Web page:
Getting Approved

Before you apply for a car loan, it’s wise to do a self review of your debt load. If your monthly debt is greater than 30% of your monthly income, you should consider how important a car loan is to you.

If your debt service ratio is approaching 50% of your household income, then it’s possible that adding a car loan into the mix will put you over the 50% threshold and prevent you from qualifying for a car loan.

Co Signor or Co Applicant

Depending on the bank or finance companies guidelines, a co-applicant or co-signor might be enough to get your auto loan approved. If you have a spouse or common law with a source of income, then the addition of their income to your application could make a difference.

Of course debt service rules apply to spouses as well as applicants, so be aware that adding a spouse to your credit application could in fact hurt your debt service ratio.

Read more about co-signors and co-applicants in our Your First Car Loan article.

Pay Down Your Debt

Debt service problems often result from consumers having high credit card balances or maxed out lines of credit. If you’re carrying a lot of debt on your credit cards and you can afford to pay them down, do it.

Not only is paying off your credit card debt a smart financial move, it’s also a way to lower your debt service ratio and hopefully get you approved on a car loan.

Non Prime Car Loan

Sometimes a prime bank will hold back an otherwise routine approval because of high debt service. Depending on how high your debt service ratio is, it might be possible to apply at a non prime bank or sub prime auto lender and get approved for the same car loan.

Non prime auto lenders usually have higher interest rates but most of the time its justified. Although you might have good credit, it’s important to remember that a regular prime bank considers your high debt service ratio to be a risk.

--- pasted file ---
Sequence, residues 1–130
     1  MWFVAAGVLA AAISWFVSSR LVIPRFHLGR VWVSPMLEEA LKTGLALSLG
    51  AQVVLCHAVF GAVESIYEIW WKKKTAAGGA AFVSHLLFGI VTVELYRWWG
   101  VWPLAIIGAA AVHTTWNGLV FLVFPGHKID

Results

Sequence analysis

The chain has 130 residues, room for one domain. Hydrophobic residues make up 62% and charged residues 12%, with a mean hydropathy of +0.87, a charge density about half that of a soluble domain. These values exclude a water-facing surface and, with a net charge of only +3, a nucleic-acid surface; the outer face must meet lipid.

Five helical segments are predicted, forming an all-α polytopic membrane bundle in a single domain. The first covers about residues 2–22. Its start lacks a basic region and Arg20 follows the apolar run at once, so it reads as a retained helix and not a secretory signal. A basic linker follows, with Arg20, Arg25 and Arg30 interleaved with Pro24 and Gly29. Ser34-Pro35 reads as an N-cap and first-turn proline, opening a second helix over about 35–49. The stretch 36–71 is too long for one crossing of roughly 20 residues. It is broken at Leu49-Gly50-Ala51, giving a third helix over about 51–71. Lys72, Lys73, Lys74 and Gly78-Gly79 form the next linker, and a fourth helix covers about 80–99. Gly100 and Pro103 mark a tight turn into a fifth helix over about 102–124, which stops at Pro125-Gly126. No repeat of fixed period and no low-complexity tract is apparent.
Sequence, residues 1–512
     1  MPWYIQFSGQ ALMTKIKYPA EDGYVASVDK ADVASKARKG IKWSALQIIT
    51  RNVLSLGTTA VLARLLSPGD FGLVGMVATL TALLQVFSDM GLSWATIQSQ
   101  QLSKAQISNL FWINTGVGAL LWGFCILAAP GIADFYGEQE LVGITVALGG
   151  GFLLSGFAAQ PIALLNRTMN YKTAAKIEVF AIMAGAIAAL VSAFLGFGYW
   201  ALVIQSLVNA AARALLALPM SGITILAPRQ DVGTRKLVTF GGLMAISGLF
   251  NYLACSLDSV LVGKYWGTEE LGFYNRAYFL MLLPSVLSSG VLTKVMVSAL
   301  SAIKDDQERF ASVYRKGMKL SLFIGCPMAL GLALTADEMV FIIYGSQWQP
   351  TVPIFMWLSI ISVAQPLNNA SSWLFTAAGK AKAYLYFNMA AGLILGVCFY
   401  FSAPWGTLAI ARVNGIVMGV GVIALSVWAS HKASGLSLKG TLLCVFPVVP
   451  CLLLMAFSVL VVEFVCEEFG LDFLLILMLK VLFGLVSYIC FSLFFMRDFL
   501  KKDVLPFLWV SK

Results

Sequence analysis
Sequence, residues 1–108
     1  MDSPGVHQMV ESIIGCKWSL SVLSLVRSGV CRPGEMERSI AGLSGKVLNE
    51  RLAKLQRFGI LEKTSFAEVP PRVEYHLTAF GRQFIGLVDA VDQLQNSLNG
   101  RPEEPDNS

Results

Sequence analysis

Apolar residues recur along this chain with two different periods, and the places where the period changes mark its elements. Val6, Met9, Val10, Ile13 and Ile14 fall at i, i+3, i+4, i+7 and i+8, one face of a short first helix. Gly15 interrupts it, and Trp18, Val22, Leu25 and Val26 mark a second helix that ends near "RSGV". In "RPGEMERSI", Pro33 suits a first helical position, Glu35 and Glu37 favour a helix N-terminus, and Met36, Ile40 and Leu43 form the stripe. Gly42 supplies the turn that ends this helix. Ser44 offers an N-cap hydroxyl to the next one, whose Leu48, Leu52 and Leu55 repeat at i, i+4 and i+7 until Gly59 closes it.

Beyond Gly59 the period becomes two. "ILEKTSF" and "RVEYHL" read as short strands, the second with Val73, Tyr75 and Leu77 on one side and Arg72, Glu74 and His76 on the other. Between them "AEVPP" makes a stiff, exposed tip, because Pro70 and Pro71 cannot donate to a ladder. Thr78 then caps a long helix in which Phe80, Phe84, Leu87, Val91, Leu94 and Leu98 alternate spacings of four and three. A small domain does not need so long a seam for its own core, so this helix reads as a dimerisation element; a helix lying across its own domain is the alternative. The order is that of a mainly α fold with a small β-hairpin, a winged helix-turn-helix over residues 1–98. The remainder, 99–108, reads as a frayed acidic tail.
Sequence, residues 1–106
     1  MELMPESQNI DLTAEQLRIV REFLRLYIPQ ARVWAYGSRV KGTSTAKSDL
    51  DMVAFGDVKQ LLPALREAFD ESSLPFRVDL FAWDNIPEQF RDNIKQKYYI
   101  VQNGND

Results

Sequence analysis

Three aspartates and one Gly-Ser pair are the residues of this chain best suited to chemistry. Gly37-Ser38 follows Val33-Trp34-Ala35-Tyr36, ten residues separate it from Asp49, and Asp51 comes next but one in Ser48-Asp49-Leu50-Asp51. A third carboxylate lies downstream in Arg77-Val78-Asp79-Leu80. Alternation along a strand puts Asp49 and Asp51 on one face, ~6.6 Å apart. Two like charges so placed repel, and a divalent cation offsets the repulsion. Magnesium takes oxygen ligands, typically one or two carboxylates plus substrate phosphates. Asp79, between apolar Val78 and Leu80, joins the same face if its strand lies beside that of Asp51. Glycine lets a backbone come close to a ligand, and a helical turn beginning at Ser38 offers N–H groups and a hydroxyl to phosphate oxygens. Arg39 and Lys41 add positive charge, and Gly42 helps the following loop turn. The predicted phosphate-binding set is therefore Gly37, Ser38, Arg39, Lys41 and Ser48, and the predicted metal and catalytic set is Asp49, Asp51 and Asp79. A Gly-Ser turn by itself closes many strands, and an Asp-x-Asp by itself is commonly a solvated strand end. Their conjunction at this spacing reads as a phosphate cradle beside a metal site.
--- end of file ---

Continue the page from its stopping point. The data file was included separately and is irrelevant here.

The sub prime car lender is willing to take the risk but they will charge you for it.

Honest Credit Application

Remember to be honest on your credit application, many banks will ask you to prove your income and monthly rent or mortgage. Not only should you consider the lender when being honest, you should also consider what could happen to you if you lie on your credit application and it leads to credit problems on a loan you can’t truly afford.

If you’re stuck with a car loan you can’t afford, then your loan could be repossessed, your credit could be seriously damaged or you might even find yourself in a situation where you have no choice but to file for bankruptcy or consumer proposal.

Remember, in Canada there are plenty of ways to get approved with any bad credit. Good luck.

The Any Bad Credit Canada Team always has new answers for bad credit questions. Come back soon!


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About the Author

The Canadian Credit Expert most recently worked in sales financing for a major bank in Canada but has done everything from working at a new car dealership to collecting on past due loans for a Canadian auto lender.